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RECOGNIZED FOR “BEST PROJECTS’ —Shown at the civic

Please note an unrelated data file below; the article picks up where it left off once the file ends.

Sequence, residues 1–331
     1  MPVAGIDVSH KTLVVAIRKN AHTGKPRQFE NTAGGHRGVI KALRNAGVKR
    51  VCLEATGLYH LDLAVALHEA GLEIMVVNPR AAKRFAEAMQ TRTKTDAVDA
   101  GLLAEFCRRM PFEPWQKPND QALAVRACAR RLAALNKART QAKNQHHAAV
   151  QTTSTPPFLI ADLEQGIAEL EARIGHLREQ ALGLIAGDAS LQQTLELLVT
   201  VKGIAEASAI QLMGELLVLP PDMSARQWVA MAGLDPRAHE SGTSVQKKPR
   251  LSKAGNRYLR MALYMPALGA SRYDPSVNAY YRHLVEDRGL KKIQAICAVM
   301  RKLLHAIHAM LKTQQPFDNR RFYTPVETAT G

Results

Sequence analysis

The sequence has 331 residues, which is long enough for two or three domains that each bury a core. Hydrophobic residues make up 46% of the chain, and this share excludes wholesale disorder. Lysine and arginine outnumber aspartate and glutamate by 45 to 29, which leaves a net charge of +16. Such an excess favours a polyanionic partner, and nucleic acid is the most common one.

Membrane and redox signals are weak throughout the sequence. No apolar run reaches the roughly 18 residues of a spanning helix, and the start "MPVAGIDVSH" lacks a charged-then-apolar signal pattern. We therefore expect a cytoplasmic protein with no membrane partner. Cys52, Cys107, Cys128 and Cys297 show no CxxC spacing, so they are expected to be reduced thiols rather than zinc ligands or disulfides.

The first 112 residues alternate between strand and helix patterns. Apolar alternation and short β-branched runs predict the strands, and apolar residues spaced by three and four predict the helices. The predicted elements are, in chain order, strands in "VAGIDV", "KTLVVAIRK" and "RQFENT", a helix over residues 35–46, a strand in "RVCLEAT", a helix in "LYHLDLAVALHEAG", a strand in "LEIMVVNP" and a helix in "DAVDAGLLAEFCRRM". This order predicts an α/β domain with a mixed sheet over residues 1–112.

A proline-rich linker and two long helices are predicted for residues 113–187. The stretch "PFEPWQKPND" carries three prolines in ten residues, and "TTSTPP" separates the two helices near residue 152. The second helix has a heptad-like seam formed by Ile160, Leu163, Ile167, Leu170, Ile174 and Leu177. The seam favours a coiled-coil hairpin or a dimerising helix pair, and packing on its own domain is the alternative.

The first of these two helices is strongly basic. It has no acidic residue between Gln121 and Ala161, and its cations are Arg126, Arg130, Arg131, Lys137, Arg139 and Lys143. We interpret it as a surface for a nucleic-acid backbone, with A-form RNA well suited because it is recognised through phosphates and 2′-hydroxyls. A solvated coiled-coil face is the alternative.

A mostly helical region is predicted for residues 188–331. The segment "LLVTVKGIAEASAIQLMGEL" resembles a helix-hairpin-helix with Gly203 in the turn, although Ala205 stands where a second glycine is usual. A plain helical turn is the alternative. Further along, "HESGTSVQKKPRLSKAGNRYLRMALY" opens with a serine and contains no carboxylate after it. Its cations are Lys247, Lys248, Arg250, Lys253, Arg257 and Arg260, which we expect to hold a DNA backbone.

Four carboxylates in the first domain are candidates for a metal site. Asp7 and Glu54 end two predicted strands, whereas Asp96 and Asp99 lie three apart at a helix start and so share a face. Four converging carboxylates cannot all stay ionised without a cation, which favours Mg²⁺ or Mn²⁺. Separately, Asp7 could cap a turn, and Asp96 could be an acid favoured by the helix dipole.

activity awards luncheon held by the Junior Board of Commerce yesterday are (left to right) Lt. Col. Roswell Rosengren, former president of the National Junior Board and chairman of the Judges’ Committee; Lt. (j. g.) James Mann, who won the plaque for the best project serving the Junior Board internally; Lt. B. J. Nees, 1942-43 president of the Washington Junior Board, and Ferd Nauheim, who was awarded the plaque for the best project in the public interest. —Star Staff Photo. Stoll Tells Court Wife Was Seriously Hurt in Kidnaping •r ihe Associated Press. LOUISVILLE. Ky., Dec. 3.—Th, Government presented testimony ir court here yesterday to show tha1 Mrs. Alice Speed Stoll, 36-year-olc society matron, was injured seriouslj when kidnaped in 1934 by Thomas H. Robinson, jr. Under the Lindbergh law, the death penalty could be invoked il the prosecution can prove its claims Berry V. Stoll, husband of the victim, testified that when he re turned home October 10, 1934, to find his wife missing and "splotches of blood on the bedspread.” he be lieved his wife had been killed. He said he drove to the house of a friend to telephone police, his brother and his father-in-law be cause the wires in his home had been cut. "Then I went back to my home." Mr. Stoll testified. "I stopped and looked in ditches on either side of the drive for my wife's body. From the amount of blood in the house, I thought she had been killed. "Then officers, relatives, the Mayor and Mr. Marshall Bullitt (Louisville attorney and family friend) came. We went into the dining room and read the ransom note, which asked for $50,000.’* Here the note was introduced and United States District Attorney Eli H Brown, 3d. pointed out that it originally read that the late C. C Stoll, father of Berry V. Stoll, had been kidnaped. C. C. Stoll’s name had been deleted and the name o4 Mrs. Berry V. Stoll Inserted. Unnerved by Experience. The witness said that when he saw hft wife on October 16. 1934, after her release, "her lips were torn and bloody from adhesive tape, her head was covered with blood. She was completely unnerved, completely shattered.” Robinson was arrested in 1936 in California after evading Federal Bureau of Investigation agents for two years. Returned to Louisville, he pleaded guilty and was sentenced to life imprisonment. He served six and one-half years at. Alcatraa Prison before obtaining a court or der granting him a jury trial. Woman Who Sued Rubinoff Missing, Husband Reports By the Associated PreFs. NEW YORK, Dec, 3.—Mrs, Pau line La Rocca, 30, known as Peggy Garcia, a night club hat-check girl when her $50,000 breach of promise suit against Violinist Dave Rubinoff W'as thrown out of court in 1937, was reported missing last night. "I think something terrible has happened,” Michael La Rocca of Jackson Heights, her husband, said after notifying New York police. He told them he had not seen her Since she left New York November 2 to visit her father, C. H. Taylor, at Roanoke, Va. Subsequently she visited a niece, Avis Blilely, at Rich mond, Va. , However, the girl’s stepmother said at Roanoke that Mr. Taylor talked with Mr. La Rocca by tele phone a week ago and understood Mr. La Rocca to say he had met his wife in New York since the Virginia visit and that he believed she had decided to leave him. Mr. La Rocca told police that his wife, a pretty blond with grayish green eyes, had $400, three suitcases and two fur coats when she left Richmond and that he understood she had boarded a train for Miami to find a winter home for herself and him. He said he had received mail from her up until the time she left Rich mond. Labor Opposition Delays Seamen's Examinations Objections of union leaders to features of the medical examination program for merchant seamen has delayed its inauguration another two or three weeks, the War Shipping Administration reported yesterday. The health program, scheduled to go into effect yesterday, provides that all sailors signing up on mer chant vessels must submit to a physical examination. The necessity for the examina tions. a WSA official said, is acknowl edged by union representatives to eliminate the danger of infected men spreading communicable diseases Labor opposition centers around the use of company doctors and the setting up of any minimum phys ical standards, which, the leaders charged, could be used to eliminate union men from vessels after the war. Seamen union leaders indicated at a meeting here Tuesday they would be willing to go along with a program that did not interfere with the rights of their members to work en ships. Application of the plan was post poned, the WSA spokesman said until a compromise satisfactory to all parties could be worked out. British Believed Holding Two of Cyclades Islands By <he Associated Press. ISTANBUL, Dec. 3.'—British forces still are believed to be hold ing out on two of the Cyclades Islands, it was reported unofficially (yesterday, but their position prob ably has become untenable since German recapture of nearby Thera 'Santorini Island. Tile Cyclades lie southeast of Greece. A report from Izmir said that during the fighting for Samos Island, the business section of Vathy, the capital, was virtually de stroyed, and the town of Tighani on the southern part of Samos was almost wiped out by bombing and machine-gun fire. Thousands of the island's resi dent's fled to the Izmir region, it was said, and about a third of the population now is in Turkey. In Ankara, an eyewitness said I wave after wave of German planes cold-bloodedly bombed Samos civ ilians on the final day before its evacuation by British and Greek troops. Fruit and Vegetable Price Parley Slated Representatives of service whole salers, the fresh fruit and vegetable branch of the OPA and the Food Distribution Administration will confer here next Thursday on re ports that present wholesale mark | ups discriminate against rural areas ! Among wholesale groups which will be presented are the Interna ' tional Apple Association, the United Fresh Fruit and Vegetable Associa tion and the National fteague ol Wholesale Fresh Fruit and Vegetable | Distributors. According to Joseph Cavanagh executive secretary of the league present OPA mark-ups make nc provision for the costs of truckers | who carry fresh fruits and vege j tables into the country, although rural areas consume approximately half the supply. The result, he said is that the country areas are not j receiving their share of fresh fruits and vegetables, and many whole salers who deliver into the country are forced to do so at a loss. Detroit Grocer Held Guilty Of Woman's Death in Riol By the Associated Press. DETROIT. Dec. 3.—Recorder’s Judge Joseph A. Gillis yesterday sentenced Napoleon Manning. 43, i colored grocer, to 24 to 15 years in prison on a manslaughter charge that resulted from the fatal shoot ing of a woman during the race rioting here last June. Manning was convicted of killing Mrs. Sally Grabowski. 56. The gro ! cer had testified he fired a revolver j over the heads of a group of white persons gathered in front of his store, in an effort to frighten them away. A stray bullet struck Mrs. Grabowski, who died in a hospital I next day. Flandin Being Watched Pending Purge Inquiry By the Associated Press. ALGIERS, Dec. 3.—A spokesman for the French Committee of Na tional Liberation said yesterday that Pierre-Etienne Flandin, former French premier and later minister of foreign affairs in the Vichy cabinet, was under surveillance pending an investigation by a com mission investigating suspected col laboration with Vichy. The “purge commission” also has been investigating the records of Marcel Peyrouton, former governor general of Algeria, and Pierre Bois son, former governor of French West Africa. The spokesman said an official announcement regarding the three was expected in a few days. He said they were not under arrest. legion Head Urges Prompt Settlement Of Veterans' Claims Recommending a speedup in the settlement of veterans’ claims for disability compensation, National Comdr. Warren N. Atherton of the American Legion charged today that claims filed seven months ago have not yet been settled. He pointed out that while the men were in the service they made allot ments to dependents, to which were added Government allowances, but ( these benefits are discontinued on : discharge. “Having no other income,” he ! added, “the disabled dischargee must : rely on financial assistance from , private or charitable sources. Such : a situation, especially for the combat ! disabled, should not be tolerated.” i Made Recommendations. On the basis of a survey of Ameri- ( can Legion service officers on pend- , ing World War II claims, he said the Legion had made a number of rec- , ommendations to the Government : designed to speed up the settlement ( of claims and to care for the veteran i until the claims are settled. i Some of the recommendations follow: Every serviceman whose disabilities ; jare reparable should be held in the armed forces to receive the maximum ' benefits, of hospital care. The Veterans’ Administration hos pital bed capacity, especially for,1 mental and tuberculous patients, should be enlarged. The War and Navy Departments 1 should permit the assignment of:( Veterans' Administration Rating Boards at the larger discharge points to eliminate delays in adjudicating claims for obvious disabilities. Asks “Mustering Out” Pay. Mustering out pay in amounts de-! pendent on length of service should be made available with a portion payable at discharge and the balance within 30 or 60 days. Other recommendations were con- ! cerned with increasing Veterans' Ad ministAtion staffs, revising records and report systems and changing the i disbursement arrangements. The recommendations were ac jcompanied by a group of case his I tories sent in by Legion service (officers. One reported that a recent survey of State hospitals for the j insane in Northern California , (showed 100 discharged veterans of : (World War II being confined in , these hospitals because of lack of j beds in Veterans’ Administration Police Arrest Woman In Illegal Operation i A woman listed by police as Marv : Rogers Perkins, 47, of the 500 block \ F street N.E. has been arrested and 1 charged with performing an illegal , operation on a 30-year-old housewife j now at Gallinger Hospital. The accused woman was taken i before United States Commissioner < Needham C. Turnage, but arraign- 1 ment was continued until next Mon- ■ day. Meanwhile, she was released i under $1,500 bond. The housewife was reported by ' hospital officials to be recovering j from the operation, which, she told ; police, was performed in an apart- ' ment house in the Northwest sec- ! tion. According to Detective Sergts. ; D. S. Ennis and B. D. Crooke, the ' housewife told them she paid $100 i to have the operation performed. Housewives — Save your bacon j drippings and grease the skids to : launch the Axis on the sea of * oblivion. j t i i i I t i xf OFFICIAL PIANO OF THE __ jfc. METROPOLITAN OPERA The Golden Tone •' *- - *■* * of the Knobe gives you much more thon the mere notes of the music. It will reoch your ear with an appealing beauty, deeply impressive and rewarding in richness ond quality. Knabe ownership is something valued by those whose discrimination leads to the selection of only the finest. Jr Limited Number Now A vailable icsissiissss«;«s km (MIDDLE OP BLOCK) li KSSSSSWSSaBCSSSSftfSft 8-Piece Kroehler Living Room Ensemble A brand new Kroehler creation in the latest posture design. Softly cushioned seats and backs make for ideal comfort Neatly tail ored in small figured cotton tapestry. 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